Redlands Daily Facts from Redlands, California on May 8, 1964 · Page 1
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Redlands Daily Facts from Redlands, California · Page 1

Redlands, California
Issue Date:
Friday, May 8, 1964
Page 1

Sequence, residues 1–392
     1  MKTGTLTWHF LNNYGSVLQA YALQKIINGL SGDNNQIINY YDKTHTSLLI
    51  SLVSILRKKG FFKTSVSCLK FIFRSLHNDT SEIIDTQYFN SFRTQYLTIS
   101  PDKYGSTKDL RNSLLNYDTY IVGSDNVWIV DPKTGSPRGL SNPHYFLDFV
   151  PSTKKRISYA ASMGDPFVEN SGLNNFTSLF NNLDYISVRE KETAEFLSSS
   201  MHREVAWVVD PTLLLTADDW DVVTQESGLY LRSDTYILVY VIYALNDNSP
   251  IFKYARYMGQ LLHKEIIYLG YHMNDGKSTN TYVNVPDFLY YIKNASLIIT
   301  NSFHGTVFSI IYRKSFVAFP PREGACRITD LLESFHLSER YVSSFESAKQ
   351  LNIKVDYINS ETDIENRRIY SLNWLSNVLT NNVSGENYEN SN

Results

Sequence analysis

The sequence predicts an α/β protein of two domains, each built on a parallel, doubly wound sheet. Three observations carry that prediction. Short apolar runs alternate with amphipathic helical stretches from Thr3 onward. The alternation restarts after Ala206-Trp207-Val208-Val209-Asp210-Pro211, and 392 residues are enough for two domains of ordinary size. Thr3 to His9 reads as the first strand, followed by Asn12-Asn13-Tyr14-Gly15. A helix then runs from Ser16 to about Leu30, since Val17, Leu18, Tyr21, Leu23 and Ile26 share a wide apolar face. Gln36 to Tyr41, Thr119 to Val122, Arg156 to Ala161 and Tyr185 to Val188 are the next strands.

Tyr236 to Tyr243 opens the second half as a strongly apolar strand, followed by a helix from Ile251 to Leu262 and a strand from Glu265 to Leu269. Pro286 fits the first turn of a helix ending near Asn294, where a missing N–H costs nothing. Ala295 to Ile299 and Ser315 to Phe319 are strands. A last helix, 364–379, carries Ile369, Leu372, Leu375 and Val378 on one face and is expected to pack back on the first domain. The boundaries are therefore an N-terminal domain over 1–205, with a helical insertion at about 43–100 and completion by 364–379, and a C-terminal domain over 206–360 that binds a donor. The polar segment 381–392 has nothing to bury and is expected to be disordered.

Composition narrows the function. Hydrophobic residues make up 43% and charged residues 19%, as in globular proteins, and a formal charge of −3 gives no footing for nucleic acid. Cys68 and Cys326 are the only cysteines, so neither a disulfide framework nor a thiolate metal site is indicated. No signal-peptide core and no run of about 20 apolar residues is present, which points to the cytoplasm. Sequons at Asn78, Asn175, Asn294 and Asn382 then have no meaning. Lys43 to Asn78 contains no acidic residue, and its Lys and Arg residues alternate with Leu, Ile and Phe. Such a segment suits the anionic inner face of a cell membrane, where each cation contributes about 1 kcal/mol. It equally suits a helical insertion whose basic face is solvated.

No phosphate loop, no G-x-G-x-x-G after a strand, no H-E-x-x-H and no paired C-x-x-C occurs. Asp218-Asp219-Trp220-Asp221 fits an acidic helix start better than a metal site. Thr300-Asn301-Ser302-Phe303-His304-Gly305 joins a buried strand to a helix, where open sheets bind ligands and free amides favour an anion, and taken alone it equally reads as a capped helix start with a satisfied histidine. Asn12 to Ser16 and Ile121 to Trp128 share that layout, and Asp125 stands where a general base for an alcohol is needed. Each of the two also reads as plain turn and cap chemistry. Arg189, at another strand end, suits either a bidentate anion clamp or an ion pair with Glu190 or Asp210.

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fa els; 74th Year Phone 793-3221 REDLANDS. CALIFORNIA, FRIDAY. MAY 8, 1964 $1.50 Per Month Sixteen Pages 10 Cents FIRE RAZES HEIGHTS PACKING HOUSE Red China ready to talk with Russia LONDON (UPI) — The Communist Chinese said today they are willing to meet once again witli Soviet Communist leaders in an effort to patch up their long and deeply divisive dispute. But the Chinese charged that the Russians are trying to rush them into an immediate meeting and flatly accused the Kremlin of promoting an international Communist summit conference for the sole purpose of "effecting an open split." The Chinese statement reject cd this pressure and said bi lateral Sino-Sovict talks should be postponed for as much as a year. The Chinese .<:(afemcn(, (rans mitted by the New China News Agency (NCNA) and received here, was the latest shot in salvo of polemics tliat has split the international Communist movement down the middle. NCNA today released seven letters exchanged by the Com munist parties of China and the Soviet Union since last Novcm' ber.- The first letter was sent Nov. 29 by the Russians, and the most recent dispatched Thurs day by the Chinese. The letters, it said, dealt with five major bones of contention between Peking and Jloscow—IJie Sino - Soviet boundary, aid, withdrawal of Soviet technicians Sino - Soviet trade, and cessation of public polemics" NCNA said the Chinese party proposed new Sino-Soviet talks for ne.xt October in an effort to seek solutions of the rift that has threatened to grow into full-fledged split between the two nations. This, it said, should be followed by a meeting of representatives of 17 Communist parties from other nations, to prepare for a world-wide Communist conclave. But the Chinese agency said the Russians replied on March 7 that they wanted the Sino Soviet talks held in May. This month, with the preparatory meeting in June or July and the international summit in the autumn. PACKING HOUSE DESTROYED - This was the scene as Redlonds firemen sprayed the first streams of water into the burning Redlands Heights Citrus Co. packing house at San Bernardino avenue and Texas streets last night. Firemen got a late report on the fire and the building wo$ destroyed. Additional photos on pages 4 and 9. (Daily Facts photo by C. J. Kenison) Johnson pleased with success of his trip Quote of Day WASHINGTO.V — Rep. \'cr- non W. Thomson, R-Wis., reporting on alleged misuses of foreign aid funds turned up by the aid agency's own investigators and for which refunds were demanded: "It indicates clearly that the agency has been unable to pre^ vent foreign aid funds being used for such luxury items as bubble gum in Turkey and outboard marine motors in Moroc . CO." By MERRIMAN SMITH United Press Intemitianal ATLANTA (UPD—President Johnson, openly deh'ghted with tiie crowds that gave him his biggest personal ovation since taking office, wound up his hectic two-day tour of the Appalachian region today with a plea for racial tolerance and equal opportunity for all. The chief Executive was cheered by an estimated one million persons in his six-state swing, but by far his warmest Weother Redlands Today Highest 71, Lowest 44 One Year Ago Highest 84, Lowest 5S Tomorrow's Sunrise and Sunset 5:53 a.m. — 7:39 p.m. No smog, allowable burning Saturday, Sunday, Monday San Bernardino Valley: Some night and morning low clouds but mostly sunny and slightly warmer Saturday. Lows tonight 3S-45. Five Day Forecast No precipitation and warming temperatures, but still below normal. Temperatures and precipitation for the 24-hour period ended at 4 a.m.: High tow Precip. Boston S3 65 Chicago 85 65 .87 Cincinnati 73 62 Denver 73 34 .19 Fairbanks 44 13 Fort Worth 78 69 .07 Helena 53 38 .32 Honolulu 82 71 Kansas City 75 72 Las Vegas 62 42 .02 Los Angeles 61 52 Minneapolis 76 47 New York 82 65 Oklahoma City 79 70 .28 Palm Springs 73 55 Sacramento 72 47 Salt Lake City 54 40 .11 San Francisco 56 50 T Seattle 59 48 Washington S3 60 Lynda Byrd in green dress and dazzling smile ATLANTA (UPI)-She wore a kelly green dress and a daz zling smile and appeared good bet for vote-bidding as signments in Young America during the presidential cam' paign. For dark-haired Ljuda Byrd Johnson, 20-year-old daughter of tJie President, proved a cap; tivating campaigner during her father's si.x-state tour of Appa lachian poverty pockets Thursday. She had appropriate words for all occasions and crowds, but she scored her biggest hits before the college set. And she proved quick on her feet. When the closed car in which she and the President were riding broke down in front of the University of Tennessee campus at Knoxville, Johnson asked her to "speak" to a huge crowd of students, largely youths, many carrying placards read ing, "Lynda, we want to hold your hand." Taking off her shoes, Lj-nda Byrd hopped onto the seat of the convertible into which she and her father had transferred. Not so very long ago, I came to UT," she told the students, drawing an immediate cheer, "but mine was the Uni vcrsity of Texas." 'I don't know about your football team," she continued, but was interrupted by the President who leaned over and whispered to her. Tennessee football teams have not en joyed good fortune in recent years. "Stop coaching me, dad," she said. "You'll get me in trou ble." Earlier in the day, at Athens, Ohio, it was she who had "coached" the President when he sal down beside ber after referring to students at Ohio University as "you students here at Ohio State," a rival in stitution • at Columbus. The President returned to the podium and good-naturedly apolo gized, to the hearty applause of the crowd. welcome was in Georgia, the heart of the Confederacy and the home of Sen. Richard Russell, the South's congressional leader in the fight against the civil rights bill. After concluding his visit, Johnson took off in the presidential jet for the return trip to Washington. Johnson's final major talk, his l~th since starting out in .Maryland Thursday, was on Roosevelt Square in Gainesville, situated in the foothills of the North Georgia Mountains about 55 miles north of Georgia's capital. iO,000 Hear Speech "Full participation in our society can no longer be denied to men because of their race, religion or region." Johnson told the estimated 60.000 persons who turned out to hear the speech at Gainesville. The Roosevelt name is still magic in Georgia, where the late Franklin D. Roosevelt was a frequent visitor, and Johnson lost no opportunity to mention the late president Ife got a big hand when he recalled the old FDR line that 'The only thing we have tear is fear itself." The crowds at Gainesville were as enthusiastic as they had been during the other stops and Johnson said he was thrilled." "I have never been received an>"where in the world better than I have been received in Georgia," be declared. He was said to feel the trip (Continued on page 4) East Germany throws out U.S. defector BERLIN (UPI) — The only U.S. Army officer to defect to the Reds since World War II has been returned to the West, and the East German Communists said today they threw him out because he proved "im- worthy" of asylum and "committed criminal offenses." An announcement by the East German ADN news agency said Capt. Alfred Svenson, 31, Scranton, Pa., was expelled because he "did not use the possibilities given him of building up a new existence. " U.S. .Army spokesmen saiUI Building total loss in eight-hour blaze An 8-hour fire ravaged the Redlands Heights Citrus Co. packing house in northwest Redlands last night. The 38-year-old building is owned by Redlands Associates and is the second packing house the owners have lost in 11 months. Fire destroyed the Western Fruit Growers packing house at Sixth street and Stuart a\-enue on June 7, 1963. j And it was the third majoriers were sUll battling "hot -<» ;TI R<w4ion<ie iiitViin 9 vo !.r Ispots" in Ihc bascment. There [fire in Redlands within a year. The intensity of the Western packing house fire was equaled by last nights blaze. Redlands Heights is located at the northeast comer of San Bernardino avenue and Texas street. It was constructed about 1926. were no serious mjuries. Equipment located in the grapefruit processing area dropped through the weakened floor and into the basement. The corrugated metal roof collapsed. Plastered walls enclosing the The property is surrounded by> box storage area disintegrated, groves on three sidcs.lbut other masonry and bric'i orange Nearest residences are more than a block away. Assessed valuation of the land, building and contents reportedly is about $500,000. .\ company spokesman said the loss would be covered by insurance. Nearby smudge oil storage tanks of the Santex Protective .Association and an equipment storage yard and operations office of the Redlands Farm Co were not damaged by the fire. Redlands Fire Chief Joe Budd (Continued on page 4) NBC says pilot of airliner shot in flight NEW YORK (UPI) —Tne National Broadcasting Company said today that the pilot of aa airliner that crashed in Califor- report'ed't ^ar ^bat "cau7e "'of"thei °'3 Thursday killing 44 persons fire may never be known, but that it definitely started in the was shot in flight. The television and radio net- box storage area on the north!J^'^i"'"?'^'^ -'O""""^ "» side of the Redlands Heightsi^^^f'^PS'"" "J'"^ '"at ed- building. It burned a long timelf" gators are satisfied Methodists urge U.S. reexamine China policy About 38 Redunds fremen „,^.„,,„r.., . . . aidwl by three county forestry PITTSBURGH (LPI) — Thejimpnson rather than free the crews contained the iniUal fire General Conference of the Meth-I P«oP'e in those lands from hard ' before being discovered. The first alarm was received at 10:30 p.m. The north half of the structure was engulfed in flames! when the first firemen arrived. odist Church today urged thelf''?^- repression and aulhori- 'tanan control, the conference U.S. government to rec.vamine its policies toward Red China and Cuba and called for an end to the arms race on grounds that it is suicidal. A sweeping report on church- state relations and action on the Becker Amendment to the U.S. Constitution—both of which deal with restoring prayer to the classroom—were referred to committees. This means that a position on both action swill not be taken until the 1968 General Conference since today is the final plenary session of present conference. The report asking for the pol- Wafer board seeks to hold lake level LOS ANGELES (UPI) —The Colorado River Board of California took steps Thursday to hold Secretary of Interior Stew' art UdaU to his promise that Lake Mead's water level be maintained at 14.5 million acre feet. The board instructed it5 staff] to "explore every legal means" to prevent Udall from raising the level of Lake Powell behind Glen Canyon Dam at the| expense of the lower basin. M. J. Dowd, Colorado River Commissioner for Califonua, said Udall already has prom ised to maintain Lake Mead at 14.5 million acre feet, about] half capaacity. The board further insisted that a year's notice must be given before any reduction can be made that might endanger the power output from Hoover Dam which backs up Lake Mead. "We must insist upon performance by the secretary of his plain promise," said Dowd. resents this area in Congress. earlier thai Soviet army officers!icy revaluation was adopted returned the former intelligence officer at the East - Hest German border Thursday night. Svenson defected to the Communists on May 4, 1963. Informed sources at U. S. Army European headquarters at Heidelberg said Svenson would be court - martialed for desertion and possibly for betraying secrets. However, when asked about a court-martial, an Army spokesman said, "that will have to be decided upon when the investigation is completed." without debate. "it is our judgment (hat pol icics of isolation toward Main-! land China and Cuba should be carefully reexamined to determine whether their continuance will not itensify bitterness, and said. The .Methodist stand was con tained in a report submitted by the church's Committee on So cial Concerns. Sees Economy Drain Another segment of the report labelled military spending "a drain on the economy." A legisIaUve proposal which would have made ministers subject to disciplinary action if they failed to adhere to church pohcy in racial matters was tabled today after it was deter- thoi mined that such a provision al ready is contained in the -Meth odist discipline. The conference devoted about five hours Thursday night to administrative and organization affairs. It adjourned without taking up church-state relations and discipUnary action against ministers who fail to adhere to church policy in racial matters. Truman visibly moved by Senate's standing ovation Eisenhowers ready to return to Pennsylvania PALM DESERT (UPI)—Gen. and Mrs. Dwight D. Eisenhower end their winter vacation at this desert resort on Monday and begin their trip back to Gettysburg, Pa., according to a spokesman. Ti:e Eisenhowers, who spend each winter in a cottage off the llth fairway of the Eldorado Country Club here, expected to arrive at Gettysburg by train about Jlay 14. The former President spoke Thursday at a SlOO-a-plate GOP luncheon here and took the opportunity to suggest ways to "dispell the myth that Republicans are only interested in the rich." While conceding that political fund-raising is necessary, Eis enhower told his audience he hoped large free meetings could be held for Spanish- speaking citizens of the desert resort area. What we should do as Republicans is to get in and talk to the Spanish - speaking citizens about his needs and his rights as a citizen," he told the meeting honoring Rep. Minor (pat) Martin, R-Calif., who rep WASHINGTON (UPI)—Former President Harry S Tru man paid a nostalgic visit to the Senate today on his 80th birthday and spoke briefly at a Senate session —the first ex President to do so. The chipper former Chief Executive was visibly moved by a standing ovation given him by senators and spectators in the gallery. Truman appeared at a formal session of the Senate un dcr a resolution passed last fall allowing ex - Presidents to address a Senate session. Acknowledging the warm reception given him, Truman said: "I'm so overcome that can't take advantage of this rule right now." But after a moment, the former White House resident and one-time senator, his face a healthy-looking pink, said with a smile that the occasion was "one of the greatest things that has ever been done in my lifetime." Truman.began his 81st year with a quip that being called an octogenarian "sounds like an insult to me." This came at the start of a six- block walk from Blair House,| during which he demonstrated anew that be is springy as ever. Carrying a cane, the nat Uly clad, smiling former chief executive led newsmen on the stroll, stopped to answer some of their questions in a park, then went to Capitol Hill for donuts and coffee with senators. His busy birthday schedule also included an off-the - cuff lunch speech before the Nation al Press Club and a dinner with some former Senate colleagues tonight President Johnson might drop in on the diimer, it was reported. Age has failed to slow Tru man or dull the tang of his conversation. Answering questions on a wide variety of topics from politics to bis grandchil dren during his morning constitutional, Truman got things off) to a bright start with his quick quip on how it felt to be an octogenarian. Tonight's dinner follows one Thursday night at which he was honored at a party given by Washington area Masons. He also held a news conference. Truman is a 33rd degree Mason. During the evening he had such comments as these: Bourbon: "Yes, please." Mutic Critics: "I remem ber this one that mishandled my daughter. I sent him a letter telling him my feelings. He was afraid to show his face in Washington in the morning when I was out walking. 'Fraid I'd kick bim around the block. Someone said I ruined Marga ret's singing career with that letter. But there wasn't a father who didn't vote for me in. 1348." Dtcisions: "Jly greatest decision I had to make as president was to send troops into Korea — that affected the whole free world. The atom bomb? They make a lot out of that bomb but it was just a (Continued on Page 4) about 1 a.m. But soon after, fire crept into! the basement area and spread' along wood flooring and beams. Thick smoke and then heat forced firemen out of the basement as the flames erupted out of control. that the crash was a direct result of the shooting. In Washington, neither the FBI nor the Federal Aviation .Agency would comment on the report. NBC said t h e Washington conversation between the pilot of the Pacific .Air Lines F27 turboprop airliner and the control tower at San Francisco contained these words: "My God, I've been shot." Then, the network said, there was a scream. N"BD said the Washington sources were not certain wheth- At about 5:30 a.m. fire fight-^-^PJ!?!"^^f.^--!--J!? Nixon says he's ready if asked OMAHA. Neb. (UPI) - Former Vice President Richard M. .\ixon said today he is "not cimpaigning in Nebraska, or in Oregon, or an}^vhere else where primaries remain for write-in support." "If the delegates feel I am best qualified to lead the fight against President Johnson, then I'm ready to do the job," Nixon said. Nkon told a news conference that if the voters "of their own volition" wish to support him for the Republican presidential nomination, he will "not try to affect that decision one way or the other." Nixon said his mission now was to seek unity withiii the Republican party behind the candidate selected at the convention. lie said if he were not the presidential nominee, "and that seems like the most likely possibility," he still planned to make political speeches during the the campaign. came from a Smith Wesson .357 magnum revolver found in the wreckage. The gun has been sent to the FBI laboratories in Washington for intensive tests and analysis. Aviatrix back on U.S. soil, loses her lunch HO.VOLULU (UPI)- Aviatrix Joan Slerriara Smith. 27, returned to American soil on her solo trip around the world Thursday and the Department of .-Agriculture promptly impounded the remnants of a box lunch she carried from Jlidway Island. The housewife from Long Beach, Calif., was given the traditional lei greeting by newsmen and government officials who met her at Honolulu International Airport. But Agriculture Department officials stuck to the letter of I the regulations by confiscating what was left of the box lunch the Navy had packed for her on Midway—including some fried chicken, a ham and cheese sandwich and a salad. Suspect in police killing held after collision DETROIT (UPI)-A suspect in the slaying of two Fredericksburg, Va., policemen was critically injured today when his car, chased by police at speeds up to lOO miles an hour, slammed into another vehicle at a suburban intersection, kill ing the driver of the second car. The suspect, Bruce Walter Leikett, 26, Detroit, was in very critical" condition in Wayne County General Hospital where his room was under police guard. Two service revolvers and two pair of handcuffs found in the trunk of his demolished car were "definitely" identified as belonging to Fredericksburg po- Uce Sgt. Roy Wright, 31, and Patrolman Frank Mines, 27. They were fatally shot at a shopping center in the Virginiaj city before dawn Tuesday. Bal-| listics tests showed they were killed with the same foreign- made 32 caliber pistol used in, the fatal shooting of a service station attendant in New Brunswick, N.J., on Monday. Leikett was apprehended after the car he was driving slammed into an automobile in the Detroit suburb of Inkster about 2:30 a.m. EDT today while being chased by police. The driver of the other car was killed and Leikett was injured. The victim of the crash, Joe D. Ferrell, 21, Taylor, Mich., was killed instantly. Police said he was traveling with the light and that Leikett roared through the intersection and slammed into the Ferrell ear. Police said the sedan driven by Leikett matched the description of one the killer of the Virginia policemen was believed to be driving. However, the license number did not match that contained in the teletyped alarm. The victim in the New Jersey shooting Monday was John Kersnowsky, 20. He was killed during a holdup.